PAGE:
PINKO x VERSO: Trans Oral History Project 3
The last of three interviews with trans retail workers in New York, conducted by Pinko, a biannual magazine of gay communism.
Trans Oral Histories: Working Retail
The following appears in the July print issue of Pinko, a biannual magazine of gay communism. In each issue of Pinko, we offer edited excerpts from the NYC Trans Oral History Project, with the permission of the narrators. NYC TOHP is an online, open-access, Creative Commons archive of recorded and transcribed oral histories with trans New Yorkers. Read previous oral histories here and here. Become a subscriber of Pinko or preorder a single issue of the magazine here.
Interview by ME O’Brien.
Phoenix: I applied to Babeland, I got the job. I think that this was the beginning of me really wanting to be around more queer people, especially since I was using they and them pronouns, as well as she and her pronouns, but the use of she and her pronouns felt sort of coercive. So I just wanted to be somewhere I could be more authentically myself, and I wanted to sell sex toys. That seemed fun. I don’t remember if this was the case, but I think that I wanted to get out of food service, because the hours were really long. And particularly the hours that I was working at the coffee shop were long and difficult.
TOHP: What was your starting pay at Babeland?
Phoenix: The starting pay was $12, and then once you passed your 90-day review, it went up to $13.
TOHP: How were working conditions? What were some pluses and difficulties?
Phoenix: Being around the queer people thing was exactly what I expected. It was amazing and occasionally dramatic, and everyone had great style. The discount was fun, and toys were fun, and having this body of knowledge and returning to the communities that I was in, and having that be fun and sexy, was great. Those aren’t really working conditions, though. They are advantages. From the beginning it was a little bit difficult. The way that the shifts were structured was that you either were full-time, which was almost no one, you worked at least three shifts a week, or you worked two shifts a week and were required to pick up four shifts a month, or you were assigned zero permanent shifts and had to pick up six shifts a month, and that was me. I was scraping together $400 a month at this point, and I was living in a commune, which was really helpful, because it was okay that I was making $400 a month, and I was still being supported.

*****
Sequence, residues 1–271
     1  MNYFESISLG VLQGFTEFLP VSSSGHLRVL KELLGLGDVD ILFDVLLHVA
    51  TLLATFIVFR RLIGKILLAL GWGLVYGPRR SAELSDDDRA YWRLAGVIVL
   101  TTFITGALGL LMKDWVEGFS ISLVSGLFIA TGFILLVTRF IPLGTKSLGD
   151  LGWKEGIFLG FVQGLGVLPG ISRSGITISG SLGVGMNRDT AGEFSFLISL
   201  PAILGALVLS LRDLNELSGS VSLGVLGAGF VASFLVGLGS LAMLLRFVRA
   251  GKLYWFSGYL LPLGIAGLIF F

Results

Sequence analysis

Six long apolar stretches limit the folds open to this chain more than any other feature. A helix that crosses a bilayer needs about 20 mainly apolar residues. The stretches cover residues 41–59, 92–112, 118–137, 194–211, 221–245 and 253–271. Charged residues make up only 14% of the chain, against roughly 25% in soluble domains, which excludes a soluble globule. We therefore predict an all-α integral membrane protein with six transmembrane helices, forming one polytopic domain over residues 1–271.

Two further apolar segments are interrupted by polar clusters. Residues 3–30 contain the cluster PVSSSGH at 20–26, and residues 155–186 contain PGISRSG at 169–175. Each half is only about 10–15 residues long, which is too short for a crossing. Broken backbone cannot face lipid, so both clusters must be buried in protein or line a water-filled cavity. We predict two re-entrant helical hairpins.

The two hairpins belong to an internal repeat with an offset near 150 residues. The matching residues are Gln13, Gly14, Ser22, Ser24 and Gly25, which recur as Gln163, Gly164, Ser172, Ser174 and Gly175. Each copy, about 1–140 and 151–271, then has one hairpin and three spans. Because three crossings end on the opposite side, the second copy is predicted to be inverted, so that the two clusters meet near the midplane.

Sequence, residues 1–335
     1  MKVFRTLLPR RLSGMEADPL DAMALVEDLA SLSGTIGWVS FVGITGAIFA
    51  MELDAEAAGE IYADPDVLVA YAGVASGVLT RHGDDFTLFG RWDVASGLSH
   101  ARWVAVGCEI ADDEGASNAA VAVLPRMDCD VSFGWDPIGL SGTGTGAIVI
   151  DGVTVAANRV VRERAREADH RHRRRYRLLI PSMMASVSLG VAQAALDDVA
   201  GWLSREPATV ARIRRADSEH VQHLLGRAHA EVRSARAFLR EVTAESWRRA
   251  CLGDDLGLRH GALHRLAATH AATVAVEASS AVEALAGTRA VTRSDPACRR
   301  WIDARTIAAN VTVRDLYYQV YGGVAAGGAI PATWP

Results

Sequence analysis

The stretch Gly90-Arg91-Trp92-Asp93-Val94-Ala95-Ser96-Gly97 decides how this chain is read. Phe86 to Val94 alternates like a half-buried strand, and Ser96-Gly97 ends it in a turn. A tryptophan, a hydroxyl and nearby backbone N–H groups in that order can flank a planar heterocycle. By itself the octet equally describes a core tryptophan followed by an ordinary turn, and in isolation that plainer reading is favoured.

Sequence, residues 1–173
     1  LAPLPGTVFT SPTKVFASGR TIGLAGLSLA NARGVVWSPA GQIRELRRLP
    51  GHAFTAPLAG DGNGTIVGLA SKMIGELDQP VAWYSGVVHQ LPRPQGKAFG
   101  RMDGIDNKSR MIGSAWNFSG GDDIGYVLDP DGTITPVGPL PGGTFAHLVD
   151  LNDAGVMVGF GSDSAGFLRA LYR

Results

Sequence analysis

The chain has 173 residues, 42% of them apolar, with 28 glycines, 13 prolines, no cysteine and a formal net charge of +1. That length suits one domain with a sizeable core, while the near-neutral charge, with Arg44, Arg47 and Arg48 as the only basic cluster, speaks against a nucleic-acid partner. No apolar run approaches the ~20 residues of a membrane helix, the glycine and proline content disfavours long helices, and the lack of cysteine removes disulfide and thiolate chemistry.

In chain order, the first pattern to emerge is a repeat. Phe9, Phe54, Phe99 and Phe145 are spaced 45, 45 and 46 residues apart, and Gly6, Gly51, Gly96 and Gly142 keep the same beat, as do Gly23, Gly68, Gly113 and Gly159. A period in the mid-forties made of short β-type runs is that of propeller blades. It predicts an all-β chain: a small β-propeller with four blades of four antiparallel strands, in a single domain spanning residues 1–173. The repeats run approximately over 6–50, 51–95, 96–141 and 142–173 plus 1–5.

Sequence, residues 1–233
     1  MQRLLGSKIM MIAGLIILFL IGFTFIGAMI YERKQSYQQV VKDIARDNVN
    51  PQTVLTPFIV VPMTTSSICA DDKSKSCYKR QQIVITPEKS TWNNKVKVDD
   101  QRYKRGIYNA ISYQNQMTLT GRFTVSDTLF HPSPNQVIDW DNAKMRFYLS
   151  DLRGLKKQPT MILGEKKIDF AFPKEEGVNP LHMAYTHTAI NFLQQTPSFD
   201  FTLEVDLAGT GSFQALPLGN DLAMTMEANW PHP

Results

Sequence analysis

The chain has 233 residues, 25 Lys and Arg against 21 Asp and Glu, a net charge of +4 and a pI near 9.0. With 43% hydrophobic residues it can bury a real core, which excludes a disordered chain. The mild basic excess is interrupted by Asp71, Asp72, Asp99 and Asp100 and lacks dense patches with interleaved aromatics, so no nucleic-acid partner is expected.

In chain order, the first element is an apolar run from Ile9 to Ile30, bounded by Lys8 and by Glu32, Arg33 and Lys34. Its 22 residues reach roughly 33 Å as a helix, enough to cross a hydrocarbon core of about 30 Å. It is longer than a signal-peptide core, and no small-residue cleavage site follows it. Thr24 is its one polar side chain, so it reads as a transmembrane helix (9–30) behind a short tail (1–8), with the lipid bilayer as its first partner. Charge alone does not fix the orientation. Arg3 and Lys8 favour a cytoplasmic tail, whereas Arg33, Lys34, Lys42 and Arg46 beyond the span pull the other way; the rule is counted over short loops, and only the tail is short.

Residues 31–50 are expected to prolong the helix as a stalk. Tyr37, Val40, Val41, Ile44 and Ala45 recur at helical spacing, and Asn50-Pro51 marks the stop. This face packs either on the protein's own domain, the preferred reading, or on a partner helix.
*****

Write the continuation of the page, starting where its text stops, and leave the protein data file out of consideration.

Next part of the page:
TOHP: Where was the commune?
Phoenix: The commune was in Bed-Stuy. It was called Casa Duende. It was a queer commune. There were, at any given time, between five to seven of us. We actually built a wall in the house to accommodate more people. I lived there for maybe a year, or a year and a half, but the commune in total went on for five or six years.
TOHP: Do you remember the first conversations around organizing?
Phoenix: I would see other things happening, like when someone would get fired. The way that you found out was that you got an email that said, "So-and-so is no longer with Babeland," or something like that. It was a one-line email. It was very ominous. And then of course everyone would immediately start gossiping afterwards, like, "What happened? What happened? What happened?" We were all, at the very least, friendly with each other, so it was like, you would get the information—whoever was closest to that person would get the information from the source, be like, "Is it okay if I share this?" We would find out. A lot of the times, you know, it was a lot of people getting fired over things like individually speaking up about workplace conditions that were universally disliked. For instance, one of my friends who had worked there for three years and who was a shift supervisor. We had to, every year, do feedback surveys, and they were specifically asking for feedback, and she was saying stuff along the lines of, "I feel like Babeland is kind of losing touch with its queer roots, and its queer customer base," whatever. Fired. For being too critical.